Q: Can a person pay themselves for care giving when the person being cared for lives full time in a care giving facility? My sister paid herself $60,000.00 as a caregiver to our father retroactively for 2011 and 2012 while our father lived with her. She had him sign a POA (revoked to herself only) in October 2010. Most of that time, he was self-sufficient and allowed to come and go as he pleased. They left a key for him outside of their house. She works full time. He has Alzheimer’s and caring for him did become harder. He was moved to a home in April 2013. She has paid herself a total of $64,000.00 for 2013, 2014 & 2015. At this point it would be my contention that she is only performing duties of a POA and not providing care giving services. How can she when he is receiving around the clock care in an Alzheimer’s facility? She is not doing very much that I can see. (Scott Township, PA)
A: You should speak with an attorney. If the POA appointed her as caretaker and authorized payment at the going rate, or if she was operating under a legal caretaker contract, then she meets the first hurdle in my opinion. She would need to justify her payment by showing a record of the hours she worked, services performed and costs paid out of her pocket to. If the POA did not authorize her caretaker services and she over billed, you can challenge this in court. It will require the services of a lawyer to examine the POA and advise you about filing for an accounting. The sooner you act, the better, as she may burn through the money and then collecting it from her may be a futile effort. Also, you can call adult services if you think father has been financially exploited. Also, here is a potential Medicaid issue here your father ever needs to qualify, which you should discuss with the attorney.
Q: A family member gifted their home to me. We went through the whole process legally…the house was appraised; contracts were signed and a new grant deed for myself was recorded at the county recording office. Since then I have sold this home (was cash owned) and purchased a new home. The family member is now angry at me for a personal reason and is saying she wants the house back…which means the new house I bought. I received a letter from her attorney stating that she should have been on the title to the new home because I sold her home. The attorney is also saying that I am responsible for elder financial abuse because the home that was sold was hers. This sounds ridiculous! I sold the home when it belonged to me. That is my legal right. Grant deed recorded and papers signed over. She was in no part of the selling process for purchase of the new home. The attorney is threatening to file a quiet title, financial elder abuse and duress lawsuit. How is that possible? After my grandmother gifted the home to me and I received the grant deed she gave up all rights to the home I’m assuming. (Pittsburgh, PA)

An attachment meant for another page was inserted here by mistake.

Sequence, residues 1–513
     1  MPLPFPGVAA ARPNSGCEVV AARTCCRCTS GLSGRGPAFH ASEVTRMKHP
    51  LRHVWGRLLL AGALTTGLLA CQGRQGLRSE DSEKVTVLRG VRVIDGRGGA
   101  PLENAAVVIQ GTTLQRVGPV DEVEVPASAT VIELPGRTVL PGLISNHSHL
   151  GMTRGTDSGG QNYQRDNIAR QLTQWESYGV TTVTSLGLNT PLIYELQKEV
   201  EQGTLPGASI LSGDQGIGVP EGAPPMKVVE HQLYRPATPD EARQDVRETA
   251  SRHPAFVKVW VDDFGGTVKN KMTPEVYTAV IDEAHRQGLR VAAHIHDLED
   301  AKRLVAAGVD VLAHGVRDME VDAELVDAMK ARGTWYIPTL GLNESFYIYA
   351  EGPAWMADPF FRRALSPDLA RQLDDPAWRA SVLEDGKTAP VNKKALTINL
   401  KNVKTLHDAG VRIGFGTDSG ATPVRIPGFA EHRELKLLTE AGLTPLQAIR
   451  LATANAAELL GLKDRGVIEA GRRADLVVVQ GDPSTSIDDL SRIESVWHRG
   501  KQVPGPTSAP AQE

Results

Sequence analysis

A: There is no easy answer for this without you sitting down with an attorney and going over all the facts and reviewing all the documents. This attorney may be alleging things that he cannot prove. I hope the prior deed to you from grandmother was done by an attorney, as the attorney would have made sure the law was complied with and this was a gift/transfer for no consideration and grandmother was of sound mind as evidenced by her notarized and witnessed signature. So, if all those measures that you stated were done, it sounds like you have protection. Again, gather all your documents and sit down with an attorney, preferably the one who handled the original transfer from grandmother to you.
Q: I have been living in a mobile home with my mother for the past six years. She just recently passed away and the mobile home is in both her name and her ex-husbands. He wants to pay off the mobile home and sell it. Are both their signatures needed to sign the title over? (West Mifflin, PA)
A: You need an attorney to look at their divorce papers as well as the title to the mobile home. The divorce papers can be found in the Department of Court Records in the City County Building or you may be able to access them at the Allegheny County DCR website. Many divorces end with a settlement agreement which spells out each party’s rights in regards to property. If there is no such agreement, then the answer lies in how the mobile home was titled. If it was titled as husband and wife, it would have been held by the entireties (survivorship) up until the divorce. The divorce would have severed the entireties and then the mobile home by operation of law would have been held as tenants in common. Tenants in common is a joint interest with no survivorship. Therefore, if this is the case, the ex-husband and your mother’s heirs now own it. The ex-husband needs the signature of your mother’s estate. Again, the paperwork needs to be looked at before this advice can be followed.
Q: My mother passed away suddenly and the mobile home I currently live in it and it is in her name. She left no will but may have wrote something. I am also concerned with medical providers putting a lien on the home.
A: If you have no other siblings, or, have siblings that have no interest in the mobile home and will waive it over to you, you may be able to inherit it with some sort of small estate petition. Under PA law, mobile homes are not considered to be realty, but are viewed as personal property, like a motor vehicle. Small Estate Petitions can be used to settle an estate when the property is not real estate and does not exceed $50,000.00. You may want to check if there are any liens on it, or judgments against your mother that would attach to this asset before you get involved with it. I would talk to the trailer park people or association for information and take any paperwork you can to a lawyer. (West Mifflin, PA)
Q: If either spouse passes away is the surviving spouse responsible for credit card debt the deceased spouse rang up?
A: Usually not, but more information is needed. Is the surviving spouse’s name on the card? Did the surviving spouse make purchases that can be attributed to him or her, or were the purchases for the benefit of both spouses or for the marital home? Did the surviving spouse sign anything or ever use the card? A consumer lawyer or even an estate lawyer may be able to advise you with more information. If the above questions favor the surviving spouse, then these debts are owned by the estate of the deceased spouse.